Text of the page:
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Analysis: Jets get Tebow'd in crushing loss

All week, the Jets talked about not fearing Tebow, about needing to goout there and limit the second year quarterback’s ability to make plays.

Earlier in the week, Jets head coach Rex Ryan stood at the podium and defended the play of his quarterback after Mark Sanchez had an unusually rough outing Sunday night against New England. Ryan talked about the key for measuring a quarterback wasn’t always in stats but a quarterback could truly be measured in finding a way to emerge from a game victorious.

“What is his record?” Ryan asked. “I think if you start there, you get a good gauge of a quarterback.”

The Jets’ head coach clearly was thinking of Sanchez’s 24-16 all-time mark in the regular season and 4-2 record in the playoffs when making the statement, but after Thursday night’s comeback win by Denver, the statement rings true for Tim Tebow. Tebow once again did what Tebow does, orchestrating a win when the odds are stacked against him. This time it was a 95-yard drive when down 13-10, largely called out of an empty backfield, to get the winning touchdown against one of the most feared defenses in the league.

All week, the Jets talked about not fearing Tebow, about needing to go out there and limit the second-year quarterback’s ability to make plays. He was mocked by Darrelle Revis as a bit of a gimmick, a quarterback running the read option in the NFL. It was thought that Denver’s 3-1 record this year with Tebow as a starter was a fluke, as much the byproduct of their defense’s strong play as anything that the cherubic player under center had done.

The fact that Tebow now has a fourth win as a starter is the answer to what the Jets thought.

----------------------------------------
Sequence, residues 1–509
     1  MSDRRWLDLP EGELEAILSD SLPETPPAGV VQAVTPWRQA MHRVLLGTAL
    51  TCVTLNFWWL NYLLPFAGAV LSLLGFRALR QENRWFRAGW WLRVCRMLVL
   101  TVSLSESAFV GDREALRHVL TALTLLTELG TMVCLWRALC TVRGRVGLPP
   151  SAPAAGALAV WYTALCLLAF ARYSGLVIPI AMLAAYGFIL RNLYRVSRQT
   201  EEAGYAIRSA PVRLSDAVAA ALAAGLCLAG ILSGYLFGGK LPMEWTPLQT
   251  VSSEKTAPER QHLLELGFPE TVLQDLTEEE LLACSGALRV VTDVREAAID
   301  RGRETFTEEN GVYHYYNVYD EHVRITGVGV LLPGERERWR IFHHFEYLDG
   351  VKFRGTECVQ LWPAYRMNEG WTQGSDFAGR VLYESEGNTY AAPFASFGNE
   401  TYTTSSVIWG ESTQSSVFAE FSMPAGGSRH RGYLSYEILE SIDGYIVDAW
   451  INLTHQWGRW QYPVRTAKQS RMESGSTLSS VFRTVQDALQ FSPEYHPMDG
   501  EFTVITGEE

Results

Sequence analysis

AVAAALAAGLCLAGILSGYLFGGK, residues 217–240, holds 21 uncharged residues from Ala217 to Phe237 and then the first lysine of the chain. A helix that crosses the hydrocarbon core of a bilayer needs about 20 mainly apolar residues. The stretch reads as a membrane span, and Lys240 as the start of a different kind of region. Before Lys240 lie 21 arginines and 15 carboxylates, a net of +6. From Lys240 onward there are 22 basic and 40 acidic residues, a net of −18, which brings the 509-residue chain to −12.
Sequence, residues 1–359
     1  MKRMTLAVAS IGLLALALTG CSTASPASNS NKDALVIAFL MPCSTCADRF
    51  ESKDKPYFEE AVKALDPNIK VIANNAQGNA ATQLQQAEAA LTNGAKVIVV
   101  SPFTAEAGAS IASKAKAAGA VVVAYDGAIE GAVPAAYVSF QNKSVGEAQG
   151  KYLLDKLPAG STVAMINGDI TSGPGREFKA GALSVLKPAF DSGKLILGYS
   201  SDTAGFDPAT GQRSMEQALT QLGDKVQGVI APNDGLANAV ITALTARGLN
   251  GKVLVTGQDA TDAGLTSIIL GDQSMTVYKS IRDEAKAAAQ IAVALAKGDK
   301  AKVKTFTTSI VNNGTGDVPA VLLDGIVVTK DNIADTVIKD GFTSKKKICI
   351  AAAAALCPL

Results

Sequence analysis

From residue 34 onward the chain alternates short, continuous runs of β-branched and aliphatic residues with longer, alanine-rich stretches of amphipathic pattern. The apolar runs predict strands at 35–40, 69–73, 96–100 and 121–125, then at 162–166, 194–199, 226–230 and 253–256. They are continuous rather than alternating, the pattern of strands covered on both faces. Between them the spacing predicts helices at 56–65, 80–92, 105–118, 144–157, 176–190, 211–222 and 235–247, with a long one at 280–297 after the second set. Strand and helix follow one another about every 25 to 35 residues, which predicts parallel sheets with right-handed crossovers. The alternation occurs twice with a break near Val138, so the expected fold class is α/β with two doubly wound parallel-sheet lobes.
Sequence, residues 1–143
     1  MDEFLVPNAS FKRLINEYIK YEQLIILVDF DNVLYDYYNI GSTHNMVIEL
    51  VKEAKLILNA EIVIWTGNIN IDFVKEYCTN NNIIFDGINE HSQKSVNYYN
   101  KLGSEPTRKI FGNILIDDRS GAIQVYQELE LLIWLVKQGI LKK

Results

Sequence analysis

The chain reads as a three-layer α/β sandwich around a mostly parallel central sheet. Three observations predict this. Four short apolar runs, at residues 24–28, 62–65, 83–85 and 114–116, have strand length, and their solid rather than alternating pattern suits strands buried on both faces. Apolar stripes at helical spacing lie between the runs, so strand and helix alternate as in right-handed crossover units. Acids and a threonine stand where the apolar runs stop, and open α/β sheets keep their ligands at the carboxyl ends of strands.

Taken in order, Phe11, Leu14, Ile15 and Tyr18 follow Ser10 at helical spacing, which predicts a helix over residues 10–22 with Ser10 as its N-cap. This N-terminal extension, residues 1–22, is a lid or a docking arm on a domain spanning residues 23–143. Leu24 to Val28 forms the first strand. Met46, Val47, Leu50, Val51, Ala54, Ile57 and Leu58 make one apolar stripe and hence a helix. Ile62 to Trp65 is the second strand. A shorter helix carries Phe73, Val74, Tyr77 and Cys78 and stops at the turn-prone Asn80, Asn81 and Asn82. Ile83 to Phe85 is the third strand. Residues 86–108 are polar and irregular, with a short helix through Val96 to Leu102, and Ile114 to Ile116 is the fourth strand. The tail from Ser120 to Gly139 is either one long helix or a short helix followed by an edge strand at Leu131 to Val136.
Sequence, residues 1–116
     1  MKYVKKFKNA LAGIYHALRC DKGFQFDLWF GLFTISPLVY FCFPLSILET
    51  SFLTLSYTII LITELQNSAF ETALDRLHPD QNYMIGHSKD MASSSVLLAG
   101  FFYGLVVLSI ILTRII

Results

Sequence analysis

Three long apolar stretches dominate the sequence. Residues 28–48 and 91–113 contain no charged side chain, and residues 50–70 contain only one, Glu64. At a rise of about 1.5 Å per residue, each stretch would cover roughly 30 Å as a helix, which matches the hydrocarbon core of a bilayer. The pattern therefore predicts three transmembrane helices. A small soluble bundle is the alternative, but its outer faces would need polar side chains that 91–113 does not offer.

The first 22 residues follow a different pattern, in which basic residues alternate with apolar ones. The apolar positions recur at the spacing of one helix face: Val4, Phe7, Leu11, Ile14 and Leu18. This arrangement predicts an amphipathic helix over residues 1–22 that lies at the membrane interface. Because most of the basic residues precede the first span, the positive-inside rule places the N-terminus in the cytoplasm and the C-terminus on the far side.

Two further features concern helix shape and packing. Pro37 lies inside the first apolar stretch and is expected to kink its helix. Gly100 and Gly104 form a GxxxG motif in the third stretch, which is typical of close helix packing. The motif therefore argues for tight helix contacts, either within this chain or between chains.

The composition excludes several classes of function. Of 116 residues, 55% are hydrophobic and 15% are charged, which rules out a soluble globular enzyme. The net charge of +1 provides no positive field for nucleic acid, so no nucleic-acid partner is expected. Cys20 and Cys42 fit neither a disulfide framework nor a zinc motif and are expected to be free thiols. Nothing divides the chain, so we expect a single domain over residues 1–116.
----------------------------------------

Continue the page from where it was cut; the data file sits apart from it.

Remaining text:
Now, New York is left to pick up the pieces of a game where the offense played as poorly as could be expected, special teams made mistakes and the defense broke down like a cheap import on Denver’s final drive. The Jets lacked something on Thursday night in Denver and it was nothing in their game plan or even in execution.

What they lacked was Tebow.

A player who, facing 95 yards of field inside six minutes in the fourth quarter, didn’t cast a despondent look in the huddle, but rather he got determined. He didn’t read the press clippings and didn’t remember the loudmouths on TV and radio who said he wasn’t a NFL quarterback. Tebow didn’t buy a single mocking word Revis directed at him. Instead, he responded the one way he knows how.

Tim Tebow won a football game.

And as he stooped in prayer along the sidelines after his 20-yard touchdown that broke tackles and the hearts of millions in New York, the true greatness of Tebow emerged. He is a quarterback who steps up when he is needed most. It isn’t about histrionics or the lure of the spotlight, it is simply about winning.

That is something the Jets can’t seem to figure out this year.

There was no Tebow on the field for the green and white on Thursday night. The Jets, with a collection of All-Pro talent on both sides of the ball, couldn’t find what it takes deep inside to gut out the win. The game was theirs for the taking as they held a 13-10 lead until Tebow’s game-winning touchdown inside the game’s final moments. They could have been 6-4.

They should have been 6-4. The Jets seemed to do enough to get this win and lift themselves above the disappointment of last week.

But they didn’t have Tim Tebow.



Follow Kristian Dyer on Twitter @KristianRDyer.